Russian state bodies send the U.S. search engine Google over 13,200 requests to remove content between the last day of 2015 and the first day of 2017, according to Google’s new transparency report. The largest surge in Russian state requests came in the latter half of 2016.
The majority of the removals — nearly 12,000 — took issue with content on YouTube.
January 6:
The American NSA, CIA and FBI issue a combined report that Russian president Vladimir Putin interfered in the US presidential election to aid Donald Trump.
"We assess Russian President Vladimir Putin ordered an influence campaign in 2016 aimed at the US presidential election. Russia’s goals were to undermine public faith in the US democratic process, denigrate Secretary [Hillary] Clinton, and harm her electability and potential presidency.
We further assess Putin and the Russian Government developed a clear preference for President-elect Trump"
In the
USA – President Vladimir V. Putin of Russia is shown to have directed a vast cyberattack aimed at denying Hillary Clinton the presidency and installing Donald J. Trump in the Oval Office, the top American intelligence agencies state in an extraordinary report they deliver to Mr. Trump. Soon after leaving the meeting with Trump, intelligence officials release the declassified, damning report which describes the sophisticated cybercampaign as part of a continuing Russian effort to weaken the United States government and its democratic institutions.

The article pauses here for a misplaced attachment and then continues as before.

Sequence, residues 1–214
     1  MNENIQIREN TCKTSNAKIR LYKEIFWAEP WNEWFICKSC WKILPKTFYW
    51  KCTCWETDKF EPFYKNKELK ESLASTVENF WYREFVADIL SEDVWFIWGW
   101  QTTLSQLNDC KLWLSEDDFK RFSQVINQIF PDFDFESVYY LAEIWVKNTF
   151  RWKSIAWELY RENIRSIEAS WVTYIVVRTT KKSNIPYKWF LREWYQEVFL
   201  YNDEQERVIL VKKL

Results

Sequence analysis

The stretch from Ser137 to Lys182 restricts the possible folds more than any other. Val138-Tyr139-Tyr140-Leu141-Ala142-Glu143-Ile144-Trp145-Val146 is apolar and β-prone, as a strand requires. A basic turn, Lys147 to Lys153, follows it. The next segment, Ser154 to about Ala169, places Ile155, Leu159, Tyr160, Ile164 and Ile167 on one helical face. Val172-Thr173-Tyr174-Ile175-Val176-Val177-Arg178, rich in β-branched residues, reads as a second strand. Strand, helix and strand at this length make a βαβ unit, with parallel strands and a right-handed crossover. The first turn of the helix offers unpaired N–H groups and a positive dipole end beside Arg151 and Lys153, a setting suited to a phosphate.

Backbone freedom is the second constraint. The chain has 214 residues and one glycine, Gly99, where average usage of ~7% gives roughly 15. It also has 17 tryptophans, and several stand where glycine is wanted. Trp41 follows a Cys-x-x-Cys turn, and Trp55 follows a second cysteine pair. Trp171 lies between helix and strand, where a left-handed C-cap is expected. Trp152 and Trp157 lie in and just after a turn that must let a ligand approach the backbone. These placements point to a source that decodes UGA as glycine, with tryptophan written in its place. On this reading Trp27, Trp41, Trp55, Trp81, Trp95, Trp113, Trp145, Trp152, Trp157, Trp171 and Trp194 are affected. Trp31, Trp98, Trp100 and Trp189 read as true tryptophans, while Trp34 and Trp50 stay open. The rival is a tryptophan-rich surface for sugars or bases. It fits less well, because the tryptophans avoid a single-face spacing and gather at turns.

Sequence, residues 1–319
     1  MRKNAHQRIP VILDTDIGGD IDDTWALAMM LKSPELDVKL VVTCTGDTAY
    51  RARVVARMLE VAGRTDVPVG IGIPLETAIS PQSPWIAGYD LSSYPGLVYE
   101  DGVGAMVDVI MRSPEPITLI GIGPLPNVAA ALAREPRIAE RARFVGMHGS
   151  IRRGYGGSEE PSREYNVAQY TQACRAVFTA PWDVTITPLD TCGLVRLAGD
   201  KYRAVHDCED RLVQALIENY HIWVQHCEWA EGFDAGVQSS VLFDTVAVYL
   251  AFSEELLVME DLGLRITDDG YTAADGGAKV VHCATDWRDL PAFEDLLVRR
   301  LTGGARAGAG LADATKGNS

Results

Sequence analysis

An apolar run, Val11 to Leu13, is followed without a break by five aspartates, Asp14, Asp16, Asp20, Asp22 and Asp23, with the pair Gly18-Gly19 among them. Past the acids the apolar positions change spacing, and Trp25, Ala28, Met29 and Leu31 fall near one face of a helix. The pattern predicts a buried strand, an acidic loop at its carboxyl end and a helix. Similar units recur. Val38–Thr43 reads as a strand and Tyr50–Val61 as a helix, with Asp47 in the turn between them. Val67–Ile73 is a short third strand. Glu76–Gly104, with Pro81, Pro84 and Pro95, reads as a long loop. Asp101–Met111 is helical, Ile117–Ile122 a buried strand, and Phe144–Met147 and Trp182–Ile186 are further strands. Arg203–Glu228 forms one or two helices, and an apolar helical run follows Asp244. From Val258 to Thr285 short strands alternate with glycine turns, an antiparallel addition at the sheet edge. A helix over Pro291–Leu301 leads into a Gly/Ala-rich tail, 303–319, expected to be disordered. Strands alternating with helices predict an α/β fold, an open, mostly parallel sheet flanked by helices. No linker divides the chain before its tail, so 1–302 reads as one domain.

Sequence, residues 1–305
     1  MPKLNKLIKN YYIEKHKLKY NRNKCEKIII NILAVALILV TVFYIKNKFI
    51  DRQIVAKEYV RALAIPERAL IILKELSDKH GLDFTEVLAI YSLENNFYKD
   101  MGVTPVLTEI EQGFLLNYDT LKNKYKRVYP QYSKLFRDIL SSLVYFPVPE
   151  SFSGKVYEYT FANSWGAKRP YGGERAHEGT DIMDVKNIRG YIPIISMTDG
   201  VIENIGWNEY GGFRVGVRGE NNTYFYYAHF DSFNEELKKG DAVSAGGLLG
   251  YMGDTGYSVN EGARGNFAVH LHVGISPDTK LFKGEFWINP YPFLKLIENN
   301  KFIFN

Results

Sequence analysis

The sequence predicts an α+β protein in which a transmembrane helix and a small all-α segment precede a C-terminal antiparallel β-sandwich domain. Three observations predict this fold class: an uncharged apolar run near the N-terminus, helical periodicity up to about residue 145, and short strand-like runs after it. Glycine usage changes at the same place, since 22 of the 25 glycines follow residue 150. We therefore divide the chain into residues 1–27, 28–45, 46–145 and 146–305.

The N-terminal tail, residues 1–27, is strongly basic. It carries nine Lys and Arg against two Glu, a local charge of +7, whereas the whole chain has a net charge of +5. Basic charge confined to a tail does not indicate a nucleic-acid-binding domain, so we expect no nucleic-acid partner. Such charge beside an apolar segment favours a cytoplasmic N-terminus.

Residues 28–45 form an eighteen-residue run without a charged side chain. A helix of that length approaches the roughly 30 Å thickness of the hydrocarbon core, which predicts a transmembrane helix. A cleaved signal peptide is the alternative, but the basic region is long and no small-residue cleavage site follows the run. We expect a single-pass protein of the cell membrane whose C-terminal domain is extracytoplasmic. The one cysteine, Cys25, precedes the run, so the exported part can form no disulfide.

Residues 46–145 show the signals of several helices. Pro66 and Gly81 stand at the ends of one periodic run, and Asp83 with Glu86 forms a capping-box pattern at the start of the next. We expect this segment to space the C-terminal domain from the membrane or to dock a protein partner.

The declassified report describes in detail the efforts of Mr. Putin and his security services, including the creation of the online Guccifer 2.0 persona and to release information (gained from the hacks) to the public. The cyber attacks had begun July 2015, when Russian intelligence operatives first gained access to the Democratic National Committee’s networks. Russia maintained that access for 11 months, until "at least June 2016," the report concludes, leaving open the possibility that Russian cyberattackers may have had access even after the firm CrowdStrike believed that it had kicked them off the networks.
January 9:

Radio Liberty Report
In the USA – The Treasury Department announces financial sanctions and visa bans under a law punishing those that Washington deems complicit in the death of whistle-blowing Russian lawyer Sergei Magnitsky and other abuses, including powerful senior law-enforcement official Aleksandr Bastrykin and lawmaker Andrei Lugovoi, who has been accused in Britain in the poisoning of Kremlin critic Aleksandr Litvinenko.